Regionalist Momentum in the Southern Cone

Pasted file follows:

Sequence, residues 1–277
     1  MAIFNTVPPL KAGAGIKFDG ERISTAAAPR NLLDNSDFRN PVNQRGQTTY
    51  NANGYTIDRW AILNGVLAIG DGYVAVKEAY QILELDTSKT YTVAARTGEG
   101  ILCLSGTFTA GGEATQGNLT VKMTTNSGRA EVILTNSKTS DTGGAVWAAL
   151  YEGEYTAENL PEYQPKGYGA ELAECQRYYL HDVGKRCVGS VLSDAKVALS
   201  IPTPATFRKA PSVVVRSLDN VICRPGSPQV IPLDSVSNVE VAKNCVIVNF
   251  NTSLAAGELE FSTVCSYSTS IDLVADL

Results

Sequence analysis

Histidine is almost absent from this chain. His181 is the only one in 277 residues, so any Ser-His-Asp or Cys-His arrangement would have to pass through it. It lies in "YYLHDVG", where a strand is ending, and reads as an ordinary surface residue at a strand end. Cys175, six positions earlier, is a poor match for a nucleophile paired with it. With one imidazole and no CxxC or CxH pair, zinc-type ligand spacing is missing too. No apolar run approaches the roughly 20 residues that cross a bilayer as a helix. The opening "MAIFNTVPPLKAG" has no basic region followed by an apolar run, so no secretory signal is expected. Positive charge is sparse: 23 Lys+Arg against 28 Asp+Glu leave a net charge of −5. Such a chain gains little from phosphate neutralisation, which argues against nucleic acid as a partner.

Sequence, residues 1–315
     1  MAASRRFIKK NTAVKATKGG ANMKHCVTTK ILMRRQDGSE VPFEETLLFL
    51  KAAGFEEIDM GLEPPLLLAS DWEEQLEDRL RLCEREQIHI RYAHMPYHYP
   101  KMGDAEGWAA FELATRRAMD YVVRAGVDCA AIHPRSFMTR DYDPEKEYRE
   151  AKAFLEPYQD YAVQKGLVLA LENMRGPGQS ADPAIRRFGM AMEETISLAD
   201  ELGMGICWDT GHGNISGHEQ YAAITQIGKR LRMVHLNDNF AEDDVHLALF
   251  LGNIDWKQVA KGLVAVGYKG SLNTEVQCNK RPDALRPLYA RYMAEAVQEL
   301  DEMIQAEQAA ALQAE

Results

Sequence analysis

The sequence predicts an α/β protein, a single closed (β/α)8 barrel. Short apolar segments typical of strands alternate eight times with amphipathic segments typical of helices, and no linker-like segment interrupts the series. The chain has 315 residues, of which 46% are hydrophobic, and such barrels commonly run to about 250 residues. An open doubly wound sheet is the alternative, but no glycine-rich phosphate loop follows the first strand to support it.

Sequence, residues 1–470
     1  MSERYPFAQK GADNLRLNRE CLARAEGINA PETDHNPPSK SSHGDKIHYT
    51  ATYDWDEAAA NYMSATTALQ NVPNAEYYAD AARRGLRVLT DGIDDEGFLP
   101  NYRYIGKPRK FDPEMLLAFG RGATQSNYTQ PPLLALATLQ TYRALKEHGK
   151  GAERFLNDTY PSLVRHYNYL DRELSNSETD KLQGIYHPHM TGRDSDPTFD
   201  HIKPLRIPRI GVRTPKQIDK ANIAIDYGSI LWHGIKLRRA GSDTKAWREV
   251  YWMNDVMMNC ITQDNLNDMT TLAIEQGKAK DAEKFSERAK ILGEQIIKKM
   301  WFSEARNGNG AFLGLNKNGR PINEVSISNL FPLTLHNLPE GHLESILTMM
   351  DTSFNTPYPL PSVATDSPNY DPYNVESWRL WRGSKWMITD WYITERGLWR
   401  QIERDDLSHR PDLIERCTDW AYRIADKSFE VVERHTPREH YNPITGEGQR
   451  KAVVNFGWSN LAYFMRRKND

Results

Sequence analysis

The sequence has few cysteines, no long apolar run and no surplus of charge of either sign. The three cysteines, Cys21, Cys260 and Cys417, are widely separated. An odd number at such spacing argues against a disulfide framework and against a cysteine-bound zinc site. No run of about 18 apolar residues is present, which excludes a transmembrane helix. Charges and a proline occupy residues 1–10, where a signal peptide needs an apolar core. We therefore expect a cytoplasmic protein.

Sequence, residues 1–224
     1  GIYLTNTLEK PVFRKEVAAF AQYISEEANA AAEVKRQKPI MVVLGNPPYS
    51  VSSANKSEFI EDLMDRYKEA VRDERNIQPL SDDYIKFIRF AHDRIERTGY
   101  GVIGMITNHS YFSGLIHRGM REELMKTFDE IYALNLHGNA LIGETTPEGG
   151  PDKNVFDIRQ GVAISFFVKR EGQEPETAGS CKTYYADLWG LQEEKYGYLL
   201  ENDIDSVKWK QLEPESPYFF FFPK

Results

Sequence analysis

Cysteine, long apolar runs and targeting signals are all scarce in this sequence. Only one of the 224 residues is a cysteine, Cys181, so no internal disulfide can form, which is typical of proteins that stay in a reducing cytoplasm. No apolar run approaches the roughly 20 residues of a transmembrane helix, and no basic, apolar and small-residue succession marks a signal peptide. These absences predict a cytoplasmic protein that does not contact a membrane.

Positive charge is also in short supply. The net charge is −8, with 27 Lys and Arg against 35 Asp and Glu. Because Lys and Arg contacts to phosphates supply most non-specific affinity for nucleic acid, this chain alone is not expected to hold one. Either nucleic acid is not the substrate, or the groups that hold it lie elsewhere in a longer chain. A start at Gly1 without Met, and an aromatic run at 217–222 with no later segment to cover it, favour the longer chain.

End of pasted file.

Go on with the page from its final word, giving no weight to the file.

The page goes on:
News from the southern South American republics is a bit like news from nowhere. Most Americans have only the vaguest idea of where these places are, and they end up on the front page only when there is some way of tying them in to U.S. policy or interests, which is not very often. In a way, this is not surprising. Historically, Argentina and Uruguay have been more closely associated with Western Europe than with the United States. Chile, in spite of long-standing U.S. involvement in its mining industry, has always maintained a remarkably diversified pattern of international trade, and its political life, at least superficially, was more nearly like that of Italy or France than that of neighboring Bolivia or Peru. Consequently, Americans, whose Latin American experience is usually restricted to Mexico (if that), often express astonishment, when visiting the region for the first time, at how “European” it is. And if they stay long enough, they are struck by the major differences between Argentina and Chile—differences that (apart from language) are almost as great as those between Germany and France. Ten hours’ flying time from New York, however, is a rather high price to pay for a geography lesson, so it is hardly surprising that this region—called the “Southern Cone” because of its peculiar shape on the map—is so little known.

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